Like many fans, I actually thought that it was a bandana when I saw him playing. Only then I realised that it was a head wound sustained from another earlier fiery match with India, which our team won. Despite 11 stitches, Saffiq insisted to play in the final.

If ever anyone doubts the Malaysia Boleh spirit, tell that person about Saffiq.

Just hours before the hockey final, I also managed to catch our squash men’s team in action, competing in the final against Hong Kong. We did not expect a gold from this event.

After losing one set and winning another, I asked my official on the prospect of our third player Ng Eain Yow against Hong Kong gold medallist Ai Chun Ming. The answer I got: “Only 40 percent at most, it’s unlikely that we will win this one.”

But when Ng went into the court, he totally controlled the game against someone whom everyone thought was his superior.

I must admit a few times I was worried that it was just “luck” when Ng scored a point and that he would eventually make a blunder. After all, he was only a “40 percent”.

But I am glad that I was totally wrong. Ng kept his calm and managed his higher-seeded opponent with his energy and strategy till the end. He eventually won the set and the team won us our seventh gold at the 2018 Asian Games. Ng, I salute you!

Taking politics out of sports

It has now been slightly more than two months after I was sworn in as deputy youth and sports minister.

My interactions with the athletes, sports professionals, or even the fans, as well as my experience watching sporting events so close-up like I did at the 2018 Asian Games, have inspired me to work harder for the development of sports in Malaysia.

Because a new Malaysia can very much use the dividends of camaraderie, pursuit of excellence and indomitability from which we draw from our investment in sports.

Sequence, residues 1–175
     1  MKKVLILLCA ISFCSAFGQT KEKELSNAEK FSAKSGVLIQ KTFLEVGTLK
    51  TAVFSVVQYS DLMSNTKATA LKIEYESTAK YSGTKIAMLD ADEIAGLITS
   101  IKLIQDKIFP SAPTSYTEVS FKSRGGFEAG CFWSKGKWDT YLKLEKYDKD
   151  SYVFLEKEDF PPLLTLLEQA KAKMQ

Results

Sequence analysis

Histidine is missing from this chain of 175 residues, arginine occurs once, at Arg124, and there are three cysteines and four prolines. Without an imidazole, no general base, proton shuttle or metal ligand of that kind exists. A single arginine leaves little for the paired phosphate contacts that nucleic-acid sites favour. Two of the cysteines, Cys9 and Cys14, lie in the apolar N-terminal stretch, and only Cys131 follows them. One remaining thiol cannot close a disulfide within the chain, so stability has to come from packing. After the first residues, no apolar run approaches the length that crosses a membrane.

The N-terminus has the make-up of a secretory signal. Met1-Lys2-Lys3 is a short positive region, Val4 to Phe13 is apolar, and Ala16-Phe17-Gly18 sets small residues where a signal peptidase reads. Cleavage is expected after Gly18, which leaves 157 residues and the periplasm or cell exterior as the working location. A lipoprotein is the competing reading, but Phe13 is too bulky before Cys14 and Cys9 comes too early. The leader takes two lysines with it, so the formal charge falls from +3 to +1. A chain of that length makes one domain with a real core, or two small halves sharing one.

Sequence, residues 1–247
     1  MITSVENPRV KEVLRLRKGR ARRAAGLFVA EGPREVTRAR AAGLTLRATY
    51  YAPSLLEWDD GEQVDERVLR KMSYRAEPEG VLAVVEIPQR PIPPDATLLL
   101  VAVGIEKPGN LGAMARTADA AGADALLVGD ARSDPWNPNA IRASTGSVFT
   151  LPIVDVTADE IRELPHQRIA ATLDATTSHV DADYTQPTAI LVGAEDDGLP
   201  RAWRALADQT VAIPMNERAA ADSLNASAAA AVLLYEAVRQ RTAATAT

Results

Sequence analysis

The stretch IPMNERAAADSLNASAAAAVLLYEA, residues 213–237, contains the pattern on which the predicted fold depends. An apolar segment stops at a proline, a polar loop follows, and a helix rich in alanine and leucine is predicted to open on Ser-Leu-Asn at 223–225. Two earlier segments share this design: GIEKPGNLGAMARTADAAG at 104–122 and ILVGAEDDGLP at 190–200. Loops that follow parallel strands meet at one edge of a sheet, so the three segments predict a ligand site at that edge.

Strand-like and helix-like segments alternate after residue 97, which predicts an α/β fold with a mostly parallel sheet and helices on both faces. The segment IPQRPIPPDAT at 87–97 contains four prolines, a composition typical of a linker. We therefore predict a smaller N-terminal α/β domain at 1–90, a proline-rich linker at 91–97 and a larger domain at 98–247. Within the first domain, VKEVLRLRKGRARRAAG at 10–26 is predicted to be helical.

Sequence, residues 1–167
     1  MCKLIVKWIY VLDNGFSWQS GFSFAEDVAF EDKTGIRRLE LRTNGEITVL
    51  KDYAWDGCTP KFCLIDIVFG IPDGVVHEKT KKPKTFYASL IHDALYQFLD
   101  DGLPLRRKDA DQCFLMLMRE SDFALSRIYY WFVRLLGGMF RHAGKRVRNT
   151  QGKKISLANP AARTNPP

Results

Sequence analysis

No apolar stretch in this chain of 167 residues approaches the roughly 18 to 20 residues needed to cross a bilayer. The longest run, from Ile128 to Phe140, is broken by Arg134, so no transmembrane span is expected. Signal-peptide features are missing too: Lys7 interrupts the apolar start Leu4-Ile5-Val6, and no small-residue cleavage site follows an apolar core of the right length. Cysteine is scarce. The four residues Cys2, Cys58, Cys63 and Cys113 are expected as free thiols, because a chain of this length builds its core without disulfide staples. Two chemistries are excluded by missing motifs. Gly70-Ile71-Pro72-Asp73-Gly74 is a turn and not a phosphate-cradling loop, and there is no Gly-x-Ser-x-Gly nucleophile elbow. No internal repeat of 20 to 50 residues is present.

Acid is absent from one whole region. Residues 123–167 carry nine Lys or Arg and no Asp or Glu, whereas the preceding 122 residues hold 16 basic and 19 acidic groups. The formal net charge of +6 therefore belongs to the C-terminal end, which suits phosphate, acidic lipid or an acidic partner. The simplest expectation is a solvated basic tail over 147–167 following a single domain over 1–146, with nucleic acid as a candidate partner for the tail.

I know it is not an easy task.

From day one, when my minister and I (photo) took our oaths, one of the most common comments we received was: Take politics out of sports.

I agree 101 percent, and I believe Syed Saddiq will too.

The minister himself gave the instruction to end the appointments of political leaders to sports bodies.

Yet I realised that often the problem in sports is not always “political party” politics as many would imagine. Rather, it is the politics in the sports associations, from local clubs upward to the national sport associations (NSAs).

Malaysians spoke up loud and clear to demand reform in the government on May 9, 2018. If we want to develop our sports further, reform in the government alone is not enough.

The sports associations themselves must reform. Abuse of power and corruption must be weeded out together with incompetence and inefficiency. Narrow self-interest and divisiveness must give way to common values and goals and reconciliation.

For sports associations which are divided, if we claim to love sports, reconcile! Yes, this may sound naive, especially when spoken by a newcomer like me, but didn’t we sound naive when we talked about change and reform in the government before May 9 this year?

Finally, sports associations must operate with a view to being independent and professional sports governing bodies, which are what they should be, and not behave like semi-government agencies that are highly dependent on government funding.

In a recent sports launch, I spoke about a more strategic tripartite partnership between the government, the private sector and the NSAs including in the area of funding.

But all these will eventually depend on good governance. No one will invest effort and money into a badly managed organisation. In the end, the sport will suffer. We have to reform or risk being left behind.

But do not worry; no one who genuinely wants to develop sports in Malaysia will be left to work on it alone.

Let us work together to promote the values of sports in our society, and with dedication, hard work, and some luck, fly our Jalur Gemilang high at the 2020 Tokyo Olympics.

STEVEN SIM is deputy youth and sports minister.

The views expressed here are those of the author/contributor and do not necessarily represent the views of Malaysiakini.